Spiders of the genus Steatoda belong to the spider family Theridiidae, or the cobweb weavers. Also known as Combfooted Spiders, this family includes a number of well known arachnids, including the American house spider, Achaearanea tepidariorum, and the widow spiders Latrodectus spp.. Steatoda spiders are found throughout the world, in both temperate and tropical climates. At least eight Steatoda spp. can be found within the U.S. range of the hobo spider. Steatoda spiders are small to moderately small (3-9 mm) spiders with oval abdomens; they may be reddish, brownish or black, with most species exhibiting a white band at the front of the dorsal abdomen which may resemble a collar. Steatoda spiders construct a strong, irregular web, somewhat resembling the webs of widow spiders; this web is very sticky, making it a highly effective snare for hobo spiders.
Steatoda grossa, the false black widow spider (pictured upper left), is the most well known of the Steatoda spiders. Found in cosmopolitan areas around the world, and on both coasts of the United States, grossa is a larger (9 mm) Steatoda which, as its common name suggests, may resemble a black widow spider (with no hourglass). Specimens can be reddish to purplish brown in color, with pale yellow markings on the dorsal abdomen, but many specimens are so dark that these pale markings cannot be distinguished. Steatoda grossa is a common and well known "house spider" in many areas, constructing its webs in and around buildings, rock walls, and other structures. It has long been known that the "false black widow" will ensnare, kill and prey upon actual black widow spiders in its natural habitat. Steatoda grossa has been observed to ensnare and prey upon hobo spiders in the Seattle, Washington, area and almost certainly serves as a very important predator of the hobo spider in the coastal areas of the U.S. Pacific Northwest: It ranges inland as far east as the Sun Valley, Idaho area, but is rare or absent from the Upper Snake River Valley of Idaho.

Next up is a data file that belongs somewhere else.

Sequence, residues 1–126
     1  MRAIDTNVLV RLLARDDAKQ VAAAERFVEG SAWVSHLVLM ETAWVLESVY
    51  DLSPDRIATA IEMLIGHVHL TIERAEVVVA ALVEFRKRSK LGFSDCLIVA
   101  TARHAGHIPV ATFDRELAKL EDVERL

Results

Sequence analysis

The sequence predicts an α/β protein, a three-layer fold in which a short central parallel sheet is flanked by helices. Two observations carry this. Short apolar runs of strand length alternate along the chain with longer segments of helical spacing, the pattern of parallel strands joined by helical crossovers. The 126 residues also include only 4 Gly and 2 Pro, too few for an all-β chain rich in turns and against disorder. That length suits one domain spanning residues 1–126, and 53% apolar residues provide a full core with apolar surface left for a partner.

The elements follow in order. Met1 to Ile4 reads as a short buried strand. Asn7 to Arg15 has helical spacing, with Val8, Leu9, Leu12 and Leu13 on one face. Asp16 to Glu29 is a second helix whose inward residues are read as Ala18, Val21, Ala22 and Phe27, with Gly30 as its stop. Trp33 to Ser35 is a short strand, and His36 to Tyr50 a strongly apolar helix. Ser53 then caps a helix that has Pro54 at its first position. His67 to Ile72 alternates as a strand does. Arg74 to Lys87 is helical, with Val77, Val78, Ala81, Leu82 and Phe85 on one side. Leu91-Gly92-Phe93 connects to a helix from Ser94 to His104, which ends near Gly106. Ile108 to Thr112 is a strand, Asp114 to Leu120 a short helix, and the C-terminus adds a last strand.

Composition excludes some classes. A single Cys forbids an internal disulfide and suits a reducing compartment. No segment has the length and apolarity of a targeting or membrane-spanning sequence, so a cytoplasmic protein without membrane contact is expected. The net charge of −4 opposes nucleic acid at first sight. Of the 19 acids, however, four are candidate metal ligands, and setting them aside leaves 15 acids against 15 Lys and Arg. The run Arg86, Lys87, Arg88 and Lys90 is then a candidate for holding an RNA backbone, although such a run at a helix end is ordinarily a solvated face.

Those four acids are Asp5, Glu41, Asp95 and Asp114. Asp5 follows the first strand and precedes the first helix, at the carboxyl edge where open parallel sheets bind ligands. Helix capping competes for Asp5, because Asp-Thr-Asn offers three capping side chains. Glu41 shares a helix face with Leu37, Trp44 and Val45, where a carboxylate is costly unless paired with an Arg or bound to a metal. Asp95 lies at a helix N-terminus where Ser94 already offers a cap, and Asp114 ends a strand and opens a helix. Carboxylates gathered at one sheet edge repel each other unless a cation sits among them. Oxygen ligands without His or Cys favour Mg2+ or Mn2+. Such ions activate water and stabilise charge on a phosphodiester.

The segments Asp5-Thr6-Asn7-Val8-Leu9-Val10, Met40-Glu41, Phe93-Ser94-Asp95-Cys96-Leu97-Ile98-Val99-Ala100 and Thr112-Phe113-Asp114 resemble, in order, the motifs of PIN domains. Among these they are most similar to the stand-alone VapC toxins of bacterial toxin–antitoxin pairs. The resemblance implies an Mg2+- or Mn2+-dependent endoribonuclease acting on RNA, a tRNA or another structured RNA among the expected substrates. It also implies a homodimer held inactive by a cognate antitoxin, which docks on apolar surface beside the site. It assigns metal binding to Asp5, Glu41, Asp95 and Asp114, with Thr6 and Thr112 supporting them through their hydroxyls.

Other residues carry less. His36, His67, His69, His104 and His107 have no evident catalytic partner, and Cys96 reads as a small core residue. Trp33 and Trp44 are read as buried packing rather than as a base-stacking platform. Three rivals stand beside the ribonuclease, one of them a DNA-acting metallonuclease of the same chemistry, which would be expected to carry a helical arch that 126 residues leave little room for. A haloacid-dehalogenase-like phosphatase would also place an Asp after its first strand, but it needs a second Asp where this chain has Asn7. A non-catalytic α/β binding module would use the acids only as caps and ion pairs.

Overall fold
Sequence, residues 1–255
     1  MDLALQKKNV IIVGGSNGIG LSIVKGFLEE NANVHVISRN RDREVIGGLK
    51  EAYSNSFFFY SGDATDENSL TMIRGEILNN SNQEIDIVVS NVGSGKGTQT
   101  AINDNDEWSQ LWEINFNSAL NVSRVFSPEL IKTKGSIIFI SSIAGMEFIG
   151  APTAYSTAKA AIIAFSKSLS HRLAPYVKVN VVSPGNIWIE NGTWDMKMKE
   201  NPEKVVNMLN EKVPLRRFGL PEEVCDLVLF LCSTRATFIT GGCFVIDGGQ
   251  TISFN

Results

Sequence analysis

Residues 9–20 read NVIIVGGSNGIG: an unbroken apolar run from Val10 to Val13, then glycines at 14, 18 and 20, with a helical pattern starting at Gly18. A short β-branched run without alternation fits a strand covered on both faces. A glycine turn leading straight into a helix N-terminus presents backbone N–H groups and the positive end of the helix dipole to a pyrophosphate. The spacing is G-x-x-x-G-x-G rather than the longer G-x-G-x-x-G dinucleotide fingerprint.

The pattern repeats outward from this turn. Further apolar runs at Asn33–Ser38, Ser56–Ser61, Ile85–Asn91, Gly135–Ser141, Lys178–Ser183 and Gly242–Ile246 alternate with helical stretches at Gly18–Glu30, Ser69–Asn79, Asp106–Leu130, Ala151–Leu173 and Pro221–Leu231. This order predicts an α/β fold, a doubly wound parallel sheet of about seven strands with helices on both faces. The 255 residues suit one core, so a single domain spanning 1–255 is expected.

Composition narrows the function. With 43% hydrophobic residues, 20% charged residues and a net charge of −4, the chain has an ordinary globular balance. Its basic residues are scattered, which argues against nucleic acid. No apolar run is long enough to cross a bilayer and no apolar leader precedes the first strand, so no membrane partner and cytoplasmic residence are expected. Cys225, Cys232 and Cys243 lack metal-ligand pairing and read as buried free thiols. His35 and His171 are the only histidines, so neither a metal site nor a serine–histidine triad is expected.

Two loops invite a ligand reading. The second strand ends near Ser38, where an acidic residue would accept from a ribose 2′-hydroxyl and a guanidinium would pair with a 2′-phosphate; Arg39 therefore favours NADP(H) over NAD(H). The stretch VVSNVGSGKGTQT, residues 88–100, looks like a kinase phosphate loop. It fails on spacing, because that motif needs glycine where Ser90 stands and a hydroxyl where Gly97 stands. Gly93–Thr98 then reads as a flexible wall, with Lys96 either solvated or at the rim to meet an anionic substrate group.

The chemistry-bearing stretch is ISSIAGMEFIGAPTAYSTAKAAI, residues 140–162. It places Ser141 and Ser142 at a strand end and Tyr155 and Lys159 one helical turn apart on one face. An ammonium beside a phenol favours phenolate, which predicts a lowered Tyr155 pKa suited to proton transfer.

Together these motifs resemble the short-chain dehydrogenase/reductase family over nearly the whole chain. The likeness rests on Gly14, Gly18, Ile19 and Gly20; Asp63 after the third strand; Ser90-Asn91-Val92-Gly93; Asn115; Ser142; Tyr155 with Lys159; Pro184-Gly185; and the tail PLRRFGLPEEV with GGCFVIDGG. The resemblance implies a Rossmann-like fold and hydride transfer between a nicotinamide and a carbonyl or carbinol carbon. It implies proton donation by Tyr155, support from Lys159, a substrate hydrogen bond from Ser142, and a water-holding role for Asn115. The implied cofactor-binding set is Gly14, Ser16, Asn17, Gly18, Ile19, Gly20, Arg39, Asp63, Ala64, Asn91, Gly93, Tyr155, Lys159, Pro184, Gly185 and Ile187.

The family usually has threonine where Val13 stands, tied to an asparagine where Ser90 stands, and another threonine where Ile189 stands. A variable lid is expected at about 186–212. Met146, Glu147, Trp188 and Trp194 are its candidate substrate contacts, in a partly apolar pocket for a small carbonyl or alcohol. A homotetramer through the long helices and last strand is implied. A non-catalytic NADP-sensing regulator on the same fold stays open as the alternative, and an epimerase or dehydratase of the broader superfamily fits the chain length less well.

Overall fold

Steatoda hespera, the western Steatoda or western bud spider, is a smallish (7-8 mm), brown cobweb weaver that is often misidentified as a small "brown" black widow: Pictured at right, this species is common throughout the eastern half of the U.S. range of the hobo spider. It now appears that this little arachnid may be the single most effective predator of the hobo spider in southeastern Idaho, and possibly other infested areas. One specimen living in a household was observed by Eagle Rock Research to ensnare, kill and devour seven hobo spiders during a single season. The remains of hobo spiders are frequently found in and below hespera webs, and Eagle Rock Research estimates that this species may destroy as many as one million hobo spiders per year in Bonneville County, Idaho, alone. This species is extremely common in and around basements, garages, outbuildings and wood piles in southern Idaho, and is not particular about where it builds its web; Steatoda hespera snares are most often built close to the ground, but webs are also found in lofty areas, such as around porch lights. Steatoda hespera populations vary from year to year, and "blooms" of this species occur every few years, resulting in large numbers of specimens being found around typical households. Interestingly hespera may, like its European cousin S. paykulliana (European cobweb spider), harbor a venom which is significantly toxic to mammals; never-the-less, as of yet there is not a single incidence on record of hespera biting a human. The western Steatoda is a spider which tends to stay in its web, and is thus susceptable to insecticides; this spider is probably the most effective hobo spider deterrent present in much of the U.S. range of the hobo spider, and its presence should be encouraged. Eliminating or reducing populations of hespera with pesticides, etc. in hobo spider affected areas is a deleterious practice, which will likely result in very much unwanted results.
Steatoda triangulosa, the triangulate Steatoda, or triangulate bud spider, pictured at left, is a cosmopolitan species found in various areas of the world. This spider is moderately small (5 mm), reddish to reddish-brown in color, and exhibits a well defined pattern of light colored triangles on the dorsal abdomen. Steatoda triangulosa is widely distributed within the U.S. range of the hobo spider, and is found in close proximity to established hobo spider populations in such areas as Moscow, Idaho and Bountiful, Utah; it is rare or absent in the upper Snake River Valley of Idaho and other hobo spider affected areas. It can be expected that triangulosa plays a significant role (though not to the degree of S. hespera and S. grossa) in reducing hobo spider populations in areas where it shares the hobo's range. As with other Steatoda spiders found within the U.S. range of the hobo spider, Steatoda triangulosa populations should be encouraged.
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